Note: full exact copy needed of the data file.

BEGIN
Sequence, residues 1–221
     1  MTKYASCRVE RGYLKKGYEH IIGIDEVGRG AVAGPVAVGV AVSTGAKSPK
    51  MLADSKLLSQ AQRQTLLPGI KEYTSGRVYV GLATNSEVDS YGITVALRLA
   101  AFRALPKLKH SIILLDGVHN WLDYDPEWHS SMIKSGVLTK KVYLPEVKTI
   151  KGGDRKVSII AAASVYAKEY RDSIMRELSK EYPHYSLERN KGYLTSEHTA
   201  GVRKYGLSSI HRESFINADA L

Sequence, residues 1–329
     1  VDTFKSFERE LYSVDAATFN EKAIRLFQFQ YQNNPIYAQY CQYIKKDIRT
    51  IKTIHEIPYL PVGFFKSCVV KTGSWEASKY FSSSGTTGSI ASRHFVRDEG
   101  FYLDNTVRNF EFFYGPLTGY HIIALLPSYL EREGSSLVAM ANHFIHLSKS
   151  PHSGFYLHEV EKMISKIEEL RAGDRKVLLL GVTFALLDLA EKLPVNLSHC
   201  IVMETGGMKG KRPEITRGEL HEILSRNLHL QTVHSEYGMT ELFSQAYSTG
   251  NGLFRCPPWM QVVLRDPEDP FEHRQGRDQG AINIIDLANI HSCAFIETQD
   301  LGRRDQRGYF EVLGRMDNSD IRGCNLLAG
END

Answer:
Sequence, residues 1–221
     1  MTKYASCRVE RGYLKKGYEH IIGIDEVGRG AVAGPVAVGV AVSTGAKSPK
    51  MLADSKLLSQ AQRQTLLPGI KEYTSGRVYV GLATNSEVDS YGITVALRLA
   101  AFRALPKLKH SIILLDGVHN WLDYDPEWHS SMIKSGVLTK KVYLPEVKTI
   151  KGGDRKVSII AAASVYAKEY RDSIMRELSK EYPHYSLERN KGYLTSEHTA
   201  GVRKYGLSSI HRESFINADA L

Sequence, residues 1–329
     1  VDTFKSFERE LYSVDAATFN EKAIRLFQFQ YQNNPIYAQY CQYIKKDIRT
    51  IKTIHEIPYL PVGFFKSCVV KTGSWEASKY FSSSGTTGSI ASRHFVRDEG
   101  FYLDNTVRNF EFFYGPLTGY HIIALLPSYL EREGSSLVAM ANHFIHLSKS
   151  PHSGFYLHEV EKMISKIEEL RAGDRKVLLL GVTFALLDLA EKLPVNLSHC
   201  IVMETGGMKG KRPEITRGEL HEILSRNLHL QTVHSEYGMT ELFSQAYSTG
   251  NGLFRCPPWM QVVLRDPEDP FEHRQGRDQG AINIIDLANI HSCAFIETQD
   301  LGRRDQRGYF EVLGRMDNSD IRGCNLLAG